For me, the issue of marriage is not adiaphora; it is bound to the central claims of the Christian gospel. This is not the place to rehearse the arguments. But the simple axis of Genesis 1-2, Mark 10, and Ephesians 5, which speak to the creation of man and woman, their union, and the nature of the body of Christ, seems to form a scriptural scaffolding of divine purpose and destiny that any redefinition of marriage must intrinsically deny. Trocmé liked to speak of “absolutes” — and in the case of nonviolence, he considered this to be an “absolute.” I do not like the term, for various reasons. But if I were to use it, I would certainly apply it to the reality of marriage between a man and a woman: this is an “ontological absolute.”
The question for me, then, is how we shall properly witness to this absolute in the face of our church’s rejection of its meaning. This is where Trocmé’s example is such a challenge to me. When one of his deepest theological convictions was not only challenged but rejected by his church, and as he watched his friends led away to prison with questionable support from their ecclesial authorities, he chose to carry on his pastoral work where he was.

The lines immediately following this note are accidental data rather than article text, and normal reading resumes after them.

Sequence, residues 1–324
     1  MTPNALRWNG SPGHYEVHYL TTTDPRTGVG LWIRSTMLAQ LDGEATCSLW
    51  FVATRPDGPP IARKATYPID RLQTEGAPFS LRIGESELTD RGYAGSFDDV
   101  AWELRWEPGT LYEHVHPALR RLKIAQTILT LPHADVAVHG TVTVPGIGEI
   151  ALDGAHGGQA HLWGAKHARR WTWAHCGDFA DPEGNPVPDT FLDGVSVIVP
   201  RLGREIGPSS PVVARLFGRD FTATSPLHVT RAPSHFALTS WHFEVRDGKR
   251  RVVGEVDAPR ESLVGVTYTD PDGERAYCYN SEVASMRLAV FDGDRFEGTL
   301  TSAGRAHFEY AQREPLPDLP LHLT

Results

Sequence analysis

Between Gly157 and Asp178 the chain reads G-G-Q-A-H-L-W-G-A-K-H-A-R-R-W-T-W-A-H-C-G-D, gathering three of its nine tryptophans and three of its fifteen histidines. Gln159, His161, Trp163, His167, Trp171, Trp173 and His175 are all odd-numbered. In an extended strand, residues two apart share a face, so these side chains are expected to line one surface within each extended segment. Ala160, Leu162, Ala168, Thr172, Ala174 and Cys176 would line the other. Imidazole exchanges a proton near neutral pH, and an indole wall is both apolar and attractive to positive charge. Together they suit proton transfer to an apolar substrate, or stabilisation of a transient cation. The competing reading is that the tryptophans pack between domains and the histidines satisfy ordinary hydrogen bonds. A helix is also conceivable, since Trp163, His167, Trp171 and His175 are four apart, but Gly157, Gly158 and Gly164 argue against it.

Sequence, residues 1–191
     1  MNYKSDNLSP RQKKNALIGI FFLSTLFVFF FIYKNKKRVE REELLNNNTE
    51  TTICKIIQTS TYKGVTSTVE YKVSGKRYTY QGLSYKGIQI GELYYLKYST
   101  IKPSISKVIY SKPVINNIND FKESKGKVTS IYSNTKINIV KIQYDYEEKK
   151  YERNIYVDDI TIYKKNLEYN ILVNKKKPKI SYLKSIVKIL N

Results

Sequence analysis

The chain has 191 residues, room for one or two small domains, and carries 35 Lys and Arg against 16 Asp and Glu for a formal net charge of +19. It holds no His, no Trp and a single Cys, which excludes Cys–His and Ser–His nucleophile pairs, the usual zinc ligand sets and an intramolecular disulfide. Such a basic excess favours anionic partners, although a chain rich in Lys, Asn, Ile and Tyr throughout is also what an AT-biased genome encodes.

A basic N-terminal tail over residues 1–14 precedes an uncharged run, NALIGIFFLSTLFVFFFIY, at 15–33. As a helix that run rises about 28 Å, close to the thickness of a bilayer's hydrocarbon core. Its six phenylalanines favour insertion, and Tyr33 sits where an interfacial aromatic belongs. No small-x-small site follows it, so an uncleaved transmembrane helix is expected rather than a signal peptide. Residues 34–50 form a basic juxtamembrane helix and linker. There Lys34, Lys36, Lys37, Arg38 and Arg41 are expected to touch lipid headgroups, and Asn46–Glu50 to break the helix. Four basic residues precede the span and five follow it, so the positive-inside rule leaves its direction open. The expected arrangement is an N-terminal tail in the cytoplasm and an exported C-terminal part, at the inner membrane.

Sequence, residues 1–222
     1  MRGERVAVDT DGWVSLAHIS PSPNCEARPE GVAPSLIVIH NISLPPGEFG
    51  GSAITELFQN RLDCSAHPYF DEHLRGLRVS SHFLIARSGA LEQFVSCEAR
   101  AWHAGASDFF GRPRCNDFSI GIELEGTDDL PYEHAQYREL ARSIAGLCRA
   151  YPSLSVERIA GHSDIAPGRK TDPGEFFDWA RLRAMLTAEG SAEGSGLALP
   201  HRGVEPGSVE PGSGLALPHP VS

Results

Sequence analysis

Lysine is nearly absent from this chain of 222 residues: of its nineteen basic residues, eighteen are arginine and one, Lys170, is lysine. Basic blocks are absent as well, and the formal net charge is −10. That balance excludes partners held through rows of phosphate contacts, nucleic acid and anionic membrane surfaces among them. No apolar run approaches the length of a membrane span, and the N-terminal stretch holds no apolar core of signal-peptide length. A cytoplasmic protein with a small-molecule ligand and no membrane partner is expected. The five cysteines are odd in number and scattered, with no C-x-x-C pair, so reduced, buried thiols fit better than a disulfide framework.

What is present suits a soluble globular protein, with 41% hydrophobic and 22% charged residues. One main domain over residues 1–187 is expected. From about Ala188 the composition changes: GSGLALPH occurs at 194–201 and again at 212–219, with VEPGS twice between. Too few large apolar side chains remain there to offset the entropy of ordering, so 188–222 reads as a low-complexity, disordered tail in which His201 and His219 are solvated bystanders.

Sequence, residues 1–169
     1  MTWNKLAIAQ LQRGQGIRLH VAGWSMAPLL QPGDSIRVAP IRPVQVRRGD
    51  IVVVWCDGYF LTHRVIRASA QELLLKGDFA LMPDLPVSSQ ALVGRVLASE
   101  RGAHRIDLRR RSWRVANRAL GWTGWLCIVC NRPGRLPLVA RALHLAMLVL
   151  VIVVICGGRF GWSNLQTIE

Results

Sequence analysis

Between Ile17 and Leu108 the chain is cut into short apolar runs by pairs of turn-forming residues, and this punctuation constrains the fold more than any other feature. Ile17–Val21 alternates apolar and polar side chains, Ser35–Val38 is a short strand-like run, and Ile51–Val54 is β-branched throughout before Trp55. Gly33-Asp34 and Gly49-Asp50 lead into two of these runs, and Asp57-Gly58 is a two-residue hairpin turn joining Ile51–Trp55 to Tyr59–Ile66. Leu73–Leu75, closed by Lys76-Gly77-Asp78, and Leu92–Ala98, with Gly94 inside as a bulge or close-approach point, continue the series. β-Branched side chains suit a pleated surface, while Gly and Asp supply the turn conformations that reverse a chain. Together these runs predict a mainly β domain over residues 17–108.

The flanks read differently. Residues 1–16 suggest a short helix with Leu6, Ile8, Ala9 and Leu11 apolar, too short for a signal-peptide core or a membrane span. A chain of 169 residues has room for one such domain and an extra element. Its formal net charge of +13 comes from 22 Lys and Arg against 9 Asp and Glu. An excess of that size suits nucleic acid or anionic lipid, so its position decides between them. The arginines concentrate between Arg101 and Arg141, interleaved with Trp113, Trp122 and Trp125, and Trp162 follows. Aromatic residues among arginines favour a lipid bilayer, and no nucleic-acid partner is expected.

In little more than ten years St. Paul established the Church in four provinces of the Empire, Galatia, Macedonia, Achaia and Asia. Before AD 47 there were no churches in these provinces; in AD 57 St. Paul could speak as if his work there was done, and could plan extensive tours into the far west without anxiety lest the churches which he had founded might perish in his absence for want of his guidance and support.